Sebastian Gorka, who briefly worked in Donald Trump’s administration, is a prominent conservative pundit who often appears on Fox News. The Hungarian immigrant is most well known for his comments against the Muslim religion.
Gorka has a decent sized audience to his nationally syndicated Salem Radio show. He could also be followed via his YouTube channel. That is, until Monday, when the pundit was banned by YouTube for repeatedly violating the website’s terms of service.
It is not unusual for Alt-Right figures to be deplatformed from social media sites. Alex Jones and his Infowars show were banned from multiple sites, including YouTube, in August of 2018.
Gorka’s recent ban, though, has nothing to do with his controversial takes. The pundit has been removed from the site because he refused to stop playing music by the band, Imagine Dragons.
Imagine Dragons lead singer, Dan Reynolds, identifies as a Democrat and often asks conservatives to not use the band’s music. He was upset when he learned that Gorka was using his song, Radioactive, on his YouTube broadcasts.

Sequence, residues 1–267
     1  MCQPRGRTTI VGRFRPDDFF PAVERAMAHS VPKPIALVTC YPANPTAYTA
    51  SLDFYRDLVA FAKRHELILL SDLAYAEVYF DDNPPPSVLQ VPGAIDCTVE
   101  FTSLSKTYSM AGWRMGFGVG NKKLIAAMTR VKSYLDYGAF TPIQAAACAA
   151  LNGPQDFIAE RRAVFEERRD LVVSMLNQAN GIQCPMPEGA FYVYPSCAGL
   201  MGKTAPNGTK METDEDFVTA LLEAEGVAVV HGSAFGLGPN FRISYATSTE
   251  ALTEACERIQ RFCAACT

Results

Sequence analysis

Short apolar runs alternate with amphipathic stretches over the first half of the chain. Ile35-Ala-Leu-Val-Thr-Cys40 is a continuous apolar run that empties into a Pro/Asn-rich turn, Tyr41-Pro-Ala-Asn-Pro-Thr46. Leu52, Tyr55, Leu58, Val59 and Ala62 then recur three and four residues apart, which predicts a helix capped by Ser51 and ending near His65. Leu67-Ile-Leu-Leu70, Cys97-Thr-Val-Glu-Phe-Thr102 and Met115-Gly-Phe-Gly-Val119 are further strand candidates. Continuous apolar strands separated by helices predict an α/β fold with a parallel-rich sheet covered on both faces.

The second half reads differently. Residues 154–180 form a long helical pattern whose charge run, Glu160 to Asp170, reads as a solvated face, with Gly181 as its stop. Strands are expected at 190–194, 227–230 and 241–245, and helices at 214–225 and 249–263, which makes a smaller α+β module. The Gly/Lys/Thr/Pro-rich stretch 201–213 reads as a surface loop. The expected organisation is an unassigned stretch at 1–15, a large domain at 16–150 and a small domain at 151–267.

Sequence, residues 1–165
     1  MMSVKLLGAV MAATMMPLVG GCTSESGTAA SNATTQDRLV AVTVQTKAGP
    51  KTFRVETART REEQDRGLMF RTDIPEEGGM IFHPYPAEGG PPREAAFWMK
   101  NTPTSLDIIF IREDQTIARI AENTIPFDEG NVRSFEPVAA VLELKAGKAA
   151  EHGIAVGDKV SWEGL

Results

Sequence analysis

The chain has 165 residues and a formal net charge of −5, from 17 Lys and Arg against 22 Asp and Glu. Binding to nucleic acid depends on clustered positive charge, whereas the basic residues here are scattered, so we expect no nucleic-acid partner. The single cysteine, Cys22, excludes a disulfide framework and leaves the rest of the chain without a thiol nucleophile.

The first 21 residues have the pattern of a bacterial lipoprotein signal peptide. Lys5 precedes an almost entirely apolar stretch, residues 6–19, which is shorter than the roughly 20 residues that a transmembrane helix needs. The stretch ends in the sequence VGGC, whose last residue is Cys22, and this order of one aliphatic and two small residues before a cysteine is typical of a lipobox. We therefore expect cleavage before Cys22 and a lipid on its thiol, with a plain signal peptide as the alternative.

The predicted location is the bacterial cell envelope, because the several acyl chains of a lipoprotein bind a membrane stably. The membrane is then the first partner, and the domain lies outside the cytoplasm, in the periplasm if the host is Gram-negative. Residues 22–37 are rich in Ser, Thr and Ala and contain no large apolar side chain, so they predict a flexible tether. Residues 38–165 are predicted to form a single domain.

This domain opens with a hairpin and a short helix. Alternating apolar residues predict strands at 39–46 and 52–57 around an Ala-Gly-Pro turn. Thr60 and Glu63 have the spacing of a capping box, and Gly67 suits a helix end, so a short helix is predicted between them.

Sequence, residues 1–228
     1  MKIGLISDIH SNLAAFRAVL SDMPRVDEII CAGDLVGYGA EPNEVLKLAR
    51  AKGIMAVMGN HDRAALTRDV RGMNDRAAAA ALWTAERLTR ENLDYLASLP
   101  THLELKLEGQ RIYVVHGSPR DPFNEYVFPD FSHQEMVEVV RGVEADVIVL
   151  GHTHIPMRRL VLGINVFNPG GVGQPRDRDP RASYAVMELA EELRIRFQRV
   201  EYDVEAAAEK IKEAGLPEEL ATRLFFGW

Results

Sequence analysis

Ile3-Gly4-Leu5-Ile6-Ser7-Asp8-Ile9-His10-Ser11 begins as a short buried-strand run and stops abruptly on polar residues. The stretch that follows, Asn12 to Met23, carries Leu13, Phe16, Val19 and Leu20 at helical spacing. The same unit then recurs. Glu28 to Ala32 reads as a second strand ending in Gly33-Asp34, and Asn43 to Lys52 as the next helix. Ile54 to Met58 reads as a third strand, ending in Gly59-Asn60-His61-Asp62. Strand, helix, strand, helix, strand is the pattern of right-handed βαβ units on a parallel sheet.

After being notified by a fan, Reynolds tweeted, “Thanks for bringing this to my attention. I’ve never given permission for this use. Please stop playing imagine dragons on your show Sebastian Gorka.”
thanks for bringing this to my attention. I’ve never given permission for this use. Please stop playing imagine dragons on your show @SebGorka
— Dan Reynolds (@DanReynolds) August 24, 2019
After the message from Reynolds, Gorka continued to play the song. After learning of this, the lead singer tweeted, “Losing my mind on this. Thanks for keeping on my radar.”
"Confirming all 42 links are blocked, however, Gorka has uploaded more videos with the song in it. I will continue to monitor the page and submit links to be blocked daily."
losing my mind on this. thanks for keeping on my radar. X
— Dan Reynolds (@DanReynolds) October 25, 2019
Gorka has now been banned from YouTube. The website confirmed the ban, explaining the channel, “was terminated due to multiple copyright strikes.”